‘Conscience clause’ could restore faith in the press

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A “CONSCIENCE clause” should be written into journalists’ contracts of employment, a former tabloid newspaper editor told an inquiry into press ethics 

Journalists could invoke the clause if asked to do something in breach of an industry “code of practice”, Roy Greenslade – a professor of journalism at City University London and ex-editor of the Daily Mirror – told the Leveson Inquiry.

Prof Greenslade told inquiry chairman Lord Justice Leveson that journalists should know “what they should not be doing”.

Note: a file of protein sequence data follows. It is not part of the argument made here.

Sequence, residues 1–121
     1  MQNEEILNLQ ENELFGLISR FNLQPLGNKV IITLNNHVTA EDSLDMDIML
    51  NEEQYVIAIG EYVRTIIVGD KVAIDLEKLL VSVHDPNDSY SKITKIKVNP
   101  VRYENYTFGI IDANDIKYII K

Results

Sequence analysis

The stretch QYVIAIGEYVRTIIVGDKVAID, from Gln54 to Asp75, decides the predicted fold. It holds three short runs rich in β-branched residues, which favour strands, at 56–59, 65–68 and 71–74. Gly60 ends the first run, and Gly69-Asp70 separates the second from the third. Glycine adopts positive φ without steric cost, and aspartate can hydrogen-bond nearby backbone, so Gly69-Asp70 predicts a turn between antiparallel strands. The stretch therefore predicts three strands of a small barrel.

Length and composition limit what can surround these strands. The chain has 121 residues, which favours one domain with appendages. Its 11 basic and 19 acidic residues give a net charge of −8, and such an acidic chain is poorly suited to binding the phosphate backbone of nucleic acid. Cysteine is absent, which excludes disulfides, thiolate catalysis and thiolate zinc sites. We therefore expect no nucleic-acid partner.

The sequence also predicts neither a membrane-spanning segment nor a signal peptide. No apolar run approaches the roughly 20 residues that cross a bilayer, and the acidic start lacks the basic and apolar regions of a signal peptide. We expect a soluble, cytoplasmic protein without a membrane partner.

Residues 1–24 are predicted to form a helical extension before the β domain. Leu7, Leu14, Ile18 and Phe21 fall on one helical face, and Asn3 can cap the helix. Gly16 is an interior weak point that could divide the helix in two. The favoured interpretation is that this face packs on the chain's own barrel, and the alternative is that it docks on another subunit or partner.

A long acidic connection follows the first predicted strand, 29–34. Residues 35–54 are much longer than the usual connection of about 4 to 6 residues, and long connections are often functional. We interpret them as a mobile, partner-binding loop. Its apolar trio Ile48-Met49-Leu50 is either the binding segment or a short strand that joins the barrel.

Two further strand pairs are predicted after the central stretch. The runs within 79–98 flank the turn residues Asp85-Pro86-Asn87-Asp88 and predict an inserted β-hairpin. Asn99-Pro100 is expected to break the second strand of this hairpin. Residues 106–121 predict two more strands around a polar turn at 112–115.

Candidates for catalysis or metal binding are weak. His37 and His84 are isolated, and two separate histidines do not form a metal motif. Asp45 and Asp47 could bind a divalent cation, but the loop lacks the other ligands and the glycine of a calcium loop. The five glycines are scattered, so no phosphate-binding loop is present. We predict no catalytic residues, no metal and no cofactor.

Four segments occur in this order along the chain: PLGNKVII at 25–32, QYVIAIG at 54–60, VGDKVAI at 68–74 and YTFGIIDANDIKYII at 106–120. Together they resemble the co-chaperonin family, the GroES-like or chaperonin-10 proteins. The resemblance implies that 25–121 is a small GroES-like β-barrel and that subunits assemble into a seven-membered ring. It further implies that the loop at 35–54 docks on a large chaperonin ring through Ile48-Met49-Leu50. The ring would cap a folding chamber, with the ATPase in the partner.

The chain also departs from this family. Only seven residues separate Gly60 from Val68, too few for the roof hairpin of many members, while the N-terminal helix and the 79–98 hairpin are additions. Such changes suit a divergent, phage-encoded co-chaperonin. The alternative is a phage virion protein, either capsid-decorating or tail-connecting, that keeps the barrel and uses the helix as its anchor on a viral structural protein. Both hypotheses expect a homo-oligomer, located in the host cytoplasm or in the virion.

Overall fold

He was discussing the merits of codes of practice as the inquiry analysed ideas for future regulation of the press at a hearing in London.

“If journalists are to have codes of practice written into their contracts of employment – as is already the case at several companies – then it should be the case that there needs to be a formal clause that journalists can invoke if they believe they are being asked to do something that may breach the code and thereby threaten their employment,” he said, in a written witness statement.

“Seen from the opposite perspective, their employment must not be threatened should they invoke the clause.”

And he told the inquiry: “They should know … what they should not be doing and this should be codified.”

Prof Greenslade said press regulation needed “state involvement” if public confidence in British journalism was to be restored.

“National newspapers compete aggressively for audiences, and have a track record of ethical malpractice,” He added. “Self-regulation could, and should, have worked. It did not.”